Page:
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“Mary and the Witch’s Flower” shows its Ghibli roots

Updated: May 10, 2018


Based on Mary Stewart’s 1971 classic children’s book "The Little Broomstick," "Mary and The Witch’s Flower," is the heartfelt story of a young girl trying to find a place in the world. (Universal Pictures Home Entertainment)


Blu-ray, DVD, Digital HD copy; PG for some action and thematic elements; streaming via Amazon Video, FandangoNOW, Google Play, iTunes, Vudu, YouTube

Best extra: “Interview with the Filmmakers”

WHEN Studio Ghibli co-founder, the incomparable Hayao Miyazaki, announced his retirement – again – in 2014, Ghibli stopped production of its animated films.

As of 2019, it’s back on track now that Miyazaki has found a new story to develop.

Meanwhile, a new studio jumped up when Ghibli producer Yoshiaki Nishimura founded Studio Ponoc in 2015, with Hiromasa Yonebayashi – called “Maro” – on board. Maro began his career at Studio Ghibli, honing his craft as an animated storyteller from clean-up to director of the Oscar nominated “When Marnie Was There” (2014). He has worked on “Princess Mononoke,” “Spirited Away” and “Howl’s Moving Castle.” Ponoc's first feature-length animated film, “Mary and the Witch’s Flower,” based on “The Little Broomstick” by Mary Stewart.

It’s a splendid yet simple children’s story about young Mary visiting her Great Aunt Charlotte in the British countryside. Mary tries to be useful, but only succeeds in making a mess. When local boy Peter teases her, she takes off into the forest with cats Tib and Gib. That’s where she finds a strange plant identified as a “fly-by-night.” When Gib disappears the next day, an anxious Tib leads Mary back to the plant and an ancient broomstick. Juice from the blossoms give her magical powers and repair the broomstick allowing Mary to fly away to a witches school in the clouds. It’s nothing like Hogwarts, but Ghibli-like enchantments and imagination are everywhere.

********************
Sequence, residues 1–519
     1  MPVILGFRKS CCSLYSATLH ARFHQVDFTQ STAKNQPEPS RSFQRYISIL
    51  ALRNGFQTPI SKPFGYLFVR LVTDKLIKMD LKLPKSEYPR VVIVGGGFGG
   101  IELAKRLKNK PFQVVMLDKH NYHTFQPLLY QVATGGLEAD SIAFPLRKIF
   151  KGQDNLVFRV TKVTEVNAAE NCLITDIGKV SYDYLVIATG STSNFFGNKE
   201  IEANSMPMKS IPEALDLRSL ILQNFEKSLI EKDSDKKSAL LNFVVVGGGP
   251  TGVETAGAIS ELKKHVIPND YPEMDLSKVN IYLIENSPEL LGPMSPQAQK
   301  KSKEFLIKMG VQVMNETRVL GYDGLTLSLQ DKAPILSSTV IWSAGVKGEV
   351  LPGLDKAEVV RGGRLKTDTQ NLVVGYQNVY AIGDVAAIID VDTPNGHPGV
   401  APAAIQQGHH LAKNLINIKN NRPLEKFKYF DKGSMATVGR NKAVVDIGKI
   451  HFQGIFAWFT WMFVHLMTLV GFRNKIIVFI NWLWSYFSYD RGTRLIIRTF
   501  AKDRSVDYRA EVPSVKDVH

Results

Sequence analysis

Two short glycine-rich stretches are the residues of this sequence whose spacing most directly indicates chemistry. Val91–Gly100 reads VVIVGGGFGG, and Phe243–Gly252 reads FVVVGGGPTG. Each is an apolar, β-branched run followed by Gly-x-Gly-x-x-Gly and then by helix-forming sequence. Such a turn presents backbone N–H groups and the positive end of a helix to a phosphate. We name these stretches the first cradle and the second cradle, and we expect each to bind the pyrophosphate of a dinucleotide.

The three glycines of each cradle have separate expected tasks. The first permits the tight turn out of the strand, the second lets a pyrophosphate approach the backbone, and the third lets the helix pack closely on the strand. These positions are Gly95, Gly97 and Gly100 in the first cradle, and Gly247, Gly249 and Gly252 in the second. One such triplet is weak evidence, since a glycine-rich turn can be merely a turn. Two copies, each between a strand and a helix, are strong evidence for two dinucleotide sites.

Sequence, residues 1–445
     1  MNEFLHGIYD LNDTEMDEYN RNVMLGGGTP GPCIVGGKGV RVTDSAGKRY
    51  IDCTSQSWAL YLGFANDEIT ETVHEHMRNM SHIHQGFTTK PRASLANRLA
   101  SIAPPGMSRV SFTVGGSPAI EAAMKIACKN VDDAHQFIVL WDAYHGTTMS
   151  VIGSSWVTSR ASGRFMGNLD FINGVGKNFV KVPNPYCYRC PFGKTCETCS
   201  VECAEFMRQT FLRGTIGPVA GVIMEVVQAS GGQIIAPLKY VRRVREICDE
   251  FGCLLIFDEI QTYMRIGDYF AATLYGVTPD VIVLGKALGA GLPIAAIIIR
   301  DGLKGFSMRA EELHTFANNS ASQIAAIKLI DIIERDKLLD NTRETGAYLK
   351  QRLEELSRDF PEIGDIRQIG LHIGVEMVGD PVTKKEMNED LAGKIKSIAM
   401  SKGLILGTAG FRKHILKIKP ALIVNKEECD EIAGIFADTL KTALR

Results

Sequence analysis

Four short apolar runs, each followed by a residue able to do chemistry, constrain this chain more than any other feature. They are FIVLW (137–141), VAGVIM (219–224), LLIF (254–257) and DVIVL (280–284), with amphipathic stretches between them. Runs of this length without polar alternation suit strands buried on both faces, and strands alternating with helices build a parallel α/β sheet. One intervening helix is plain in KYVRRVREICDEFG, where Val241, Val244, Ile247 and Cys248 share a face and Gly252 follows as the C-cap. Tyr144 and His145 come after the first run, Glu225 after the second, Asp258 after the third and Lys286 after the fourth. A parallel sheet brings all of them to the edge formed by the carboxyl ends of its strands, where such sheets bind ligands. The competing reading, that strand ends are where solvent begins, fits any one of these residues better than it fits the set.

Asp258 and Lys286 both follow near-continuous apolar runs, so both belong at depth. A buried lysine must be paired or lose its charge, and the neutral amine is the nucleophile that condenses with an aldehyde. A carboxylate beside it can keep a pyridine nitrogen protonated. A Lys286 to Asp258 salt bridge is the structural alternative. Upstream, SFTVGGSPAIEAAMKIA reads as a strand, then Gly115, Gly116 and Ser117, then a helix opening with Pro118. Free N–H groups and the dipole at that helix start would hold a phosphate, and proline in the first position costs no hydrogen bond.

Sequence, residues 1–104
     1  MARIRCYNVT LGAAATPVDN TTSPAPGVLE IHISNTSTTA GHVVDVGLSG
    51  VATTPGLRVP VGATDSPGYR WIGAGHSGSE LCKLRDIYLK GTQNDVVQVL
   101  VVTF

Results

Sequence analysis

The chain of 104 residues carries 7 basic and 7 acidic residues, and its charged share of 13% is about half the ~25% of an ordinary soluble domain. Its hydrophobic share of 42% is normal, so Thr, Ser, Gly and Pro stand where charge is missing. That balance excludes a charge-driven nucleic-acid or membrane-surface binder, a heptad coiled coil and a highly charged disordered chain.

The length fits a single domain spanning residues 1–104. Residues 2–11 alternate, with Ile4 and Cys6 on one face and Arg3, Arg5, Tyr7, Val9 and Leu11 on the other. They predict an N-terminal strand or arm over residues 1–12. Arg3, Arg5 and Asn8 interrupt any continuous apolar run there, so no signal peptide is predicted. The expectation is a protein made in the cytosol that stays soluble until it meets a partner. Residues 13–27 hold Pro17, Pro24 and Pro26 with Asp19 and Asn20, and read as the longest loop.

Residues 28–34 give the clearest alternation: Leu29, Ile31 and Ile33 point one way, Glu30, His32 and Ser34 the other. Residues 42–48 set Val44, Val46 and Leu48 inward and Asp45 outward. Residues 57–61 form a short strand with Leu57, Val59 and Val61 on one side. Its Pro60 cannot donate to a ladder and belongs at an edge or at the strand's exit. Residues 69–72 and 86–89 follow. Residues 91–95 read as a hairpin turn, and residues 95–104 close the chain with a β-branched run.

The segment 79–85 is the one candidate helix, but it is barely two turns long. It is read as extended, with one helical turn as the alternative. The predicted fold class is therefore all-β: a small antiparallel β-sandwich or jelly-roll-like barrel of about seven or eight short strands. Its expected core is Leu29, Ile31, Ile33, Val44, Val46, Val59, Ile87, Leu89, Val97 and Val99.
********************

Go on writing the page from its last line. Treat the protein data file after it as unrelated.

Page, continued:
Mary and the cat Gib
Mary visits her Great Aunt Charlotte in the British countryside.

Still, all is not as it appears and, with Tib and Peter’s help, Mary uncovers the school’s dark secrets. Those magical powers only last one day. Can she rescue Gib, the other imprisoned animals and save her new friend? Can Mary finally tame her unruly red hair?

What do you think?


Like his mentor, the late Studio Ghibli co-founder Takahata Isao, Maro, Nishimura and Ponoc animators traveled to the British countryside for visual inspiration. The results – lush, painterly landscapes and skies – are strong representations of Ghibli training. Characters also look very much like Ghibli creations, although odd details, like facial shadowing, try to separate it.

Color is solid and rich in a beautiful 1080p transfer (1.85:1 ratio). Detail, texture and depth are excellent. There are some jaw-dropping moments, especially in the woodland scenes.

Doctor Dee, Mary holding Tib and Madame Mumblechook


The DTS-HD Master Audio 5.1 soundtrack is also flawless in subtitled Japanese or English dub. (English track voices include Kate Winslet and Jim Broadbent.) Effects, whether in magical or natural moments, are dynamically immersive blending perfectly with dialogue and music.


There are several to choose from. Since this is Studio Ponoc’s first feature film, expect plenty of PR coverage and celebration. The “NTV Special: Creating ‘Mary and the Witch’s Flower – 500 Days Up Close’” is a 38 minute making-of honoring its Ghibli roots, with interviews, production and story building detail.

“A Special Conversation: Sekai No Owari, Hiromasa Yonebayashi and Yoshiaki Nishimura” reveals how Ponoc’s creative team and a popular Japanese band composed the film’s score. “Film Completion Press Conference” has interviews with the creators, Japanese cast members, and magical influences. A 10-minute “Theatrical Promotional Movie” features the lead voice actors, while a streamlined “Interview with the Filmmakers” provides a good showcase for Nishimura and Yonebayashi. There are also trailers and TV spots.

There are no surprises in “Mary and the Witch’s Flower.” It is a fine debut offering from Studio Ponoc, although many will find it too close to its Ghibli roots in style and story. Still, there’s enough imagination and skill here to predict more – and better – to come. Children should love this story and its characters. Adults will enjoy it, too.

- Kay Reynolds




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